As real estate developers and property owners across the state fine tune their forecasts for existing buildings and new projects for 2019, its worthwhile to take a closer look at the changing landscape for solar energy. Massachusetts has been a regional leader for solar friendly policies and the deployment of solar energy. For 2019, the Commonwealth is making a number of significant changes to its incentive programs that are particularly helpful for commercial real estate owners and may serve as an example for other states. In addition, new technologies and approaches are continuing to drive down costs and enhance returns through innovative O&M practices. We take a look at three trends, (revised solar incentives, energy storage and new O&M opportunities) that should drive the market in the next year.
Attractive Incentives/Predictable Financing Under SMART (Solar Massachusetts Renewable Target). The new solar incentive program from the Massachusetts Department of Energy Resources which is rolling out the end of 2018 offers many attractive benefits for building owners.
• Project cash flows are more predictable under SMART because the tariff rate is locked in at the start of the project and paid monthly, so revenue streams are predictable for 20 years (as opposed to ongoing monthly aggregations and yearly auctions under the current SREC program).
• Predetermined rates simplify forecasting: Building owners earn a predetermined rate for the energy they produce. In addition, they will get paid directly from the utility every month as opposed to quarterly with no predetermined value for SRECs. All of this will make it much easier to predict revenue and energy cost savings.
• SMART has attractive “adders:” Essentially additional incentives that are designed to encourage specific types of projects. These are in addition to the base tariff rate for projects providing additional benefits to the community; such as low-income housing, building mounted, public, or a project sited on a landfill.
• Lease Your Roof and Maybe Finance a New One: This deserves a closer look. Would you like to add a new revenue stream to your building and benefit from a new roof at the same time? A key provision in SMART is the ability to more easily create “stand-alone” solar projects, meaning that they are no longer behind the meter. Now building owners can install projects and sell the energy directly to their utility, and at a predetermined monthly price for 20 years. Owners aren’t burdened with finding/engaging tenants or other off-takers (energy consumers). Also, since the “customer” for the power is your utility, owners benefit from an investment grade credit entity. This combination of fixed monthly payments and an investment grade credit allows solar developers to structure deals that can include the costs of roof upgrades and even new roofs as part of the solar project.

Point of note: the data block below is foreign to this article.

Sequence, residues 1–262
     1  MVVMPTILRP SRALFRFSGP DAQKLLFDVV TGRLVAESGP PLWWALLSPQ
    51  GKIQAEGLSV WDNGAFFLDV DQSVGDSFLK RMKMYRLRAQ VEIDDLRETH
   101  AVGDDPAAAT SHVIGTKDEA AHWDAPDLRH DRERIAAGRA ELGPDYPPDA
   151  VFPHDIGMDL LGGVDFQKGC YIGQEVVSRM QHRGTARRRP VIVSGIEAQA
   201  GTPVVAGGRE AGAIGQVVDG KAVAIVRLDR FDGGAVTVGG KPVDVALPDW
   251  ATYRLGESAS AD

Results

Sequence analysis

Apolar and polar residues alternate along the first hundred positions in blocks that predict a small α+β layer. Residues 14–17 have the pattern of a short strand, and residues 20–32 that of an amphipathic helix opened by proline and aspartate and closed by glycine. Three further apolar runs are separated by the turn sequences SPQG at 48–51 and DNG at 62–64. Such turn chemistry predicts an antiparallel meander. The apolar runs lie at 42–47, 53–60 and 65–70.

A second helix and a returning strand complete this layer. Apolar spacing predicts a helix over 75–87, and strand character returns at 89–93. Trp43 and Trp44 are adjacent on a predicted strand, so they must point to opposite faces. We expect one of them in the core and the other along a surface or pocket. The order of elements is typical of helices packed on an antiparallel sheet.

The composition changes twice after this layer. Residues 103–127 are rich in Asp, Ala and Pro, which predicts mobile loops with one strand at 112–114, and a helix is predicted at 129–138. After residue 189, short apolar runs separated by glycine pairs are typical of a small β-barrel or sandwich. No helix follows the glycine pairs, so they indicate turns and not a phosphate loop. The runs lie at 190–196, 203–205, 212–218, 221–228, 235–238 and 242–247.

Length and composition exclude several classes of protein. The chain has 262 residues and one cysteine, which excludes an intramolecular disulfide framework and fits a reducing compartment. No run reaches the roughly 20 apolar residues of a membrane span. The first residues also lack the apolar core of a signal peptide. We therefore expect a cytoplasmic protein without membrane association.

Solar + Storage: There is a lot of excitement in the state, and across the country, about energy storage and its potential in the commercial and industrial (C&I) sector.
• Storage Reduces Peak Demand Costs and Builds Resiliency: Working in tandem with a rooftop solar PV system, an energy storage system allows a facility to generate its own power, store it and use it when needed. Building owners benefit by reducing expensive demand charges, avoiding time-of-use rates, providing power quality assurance, and in some cases enabling back-up power when needed. We expect 2019 to be the year that truly launches energy storage with a spate of new incentives, including a storage “adder” in the SMART program, as well as new incentives for “active demand management” being developed through the State’s energy efficiency programs and expected to start next year. Massachusetts will also be developing rules for a “clean peak standard,” which will be another revenue opportunity for owners of solar and storage systems, though this program will be a bit further out with a scheduled start date of Jan. 1, 2020.
Cost Effective O&M Services: New technology and more sophisticated software offer unprecedented insight into ensuring that a solar system operates at peak capacity.
• New data acquisition systems (DAS): Make it possible to remotely and constantly monitor a solar energy system. Your service providers will know if your system is working at maximum efficiency and will be alerted immediately should your array experience a loss in production. These tools can also be used to track a building’s overall energy use, providing helpful information that can give property managers and owners insights into where they might implement additional energy reduction measures.
• Drones have emerged as a cutting-edge tool in the O&M toolkit: Equipping drones with infrared cameras allows a solar service provider to identify specific panels or other pieces of equipment that are not performing properly–in a fraction of the time it might take manually. This reduction in man-hours is highly cost effective. By speeding up the time of issue identification, diagnostics and correction can be more addressed immediately ensuring an array can quickly get back up and operating at peak efficiency.
• New user-friendly interfaces and reports: Show how much energy the system has produced and track SREC (or other incentive) payments. This makes it easier to understand how a system is contributing to your bottom line, making fiscal planning easier. It will also give you a clearer picture of how much energy you are generating versus how much you are still buying from the utility. An added bonus is that these systems provide the data necessary to identify any discrepancies on your utility bill.
As you plan your budgets for 2019, it is worth calculating the benefits of solar energy, and how it can shine a brighter light on your bottom line.
Craig Huntley is co-founder and CDO at Solect Energy, Hopkinton, Mass.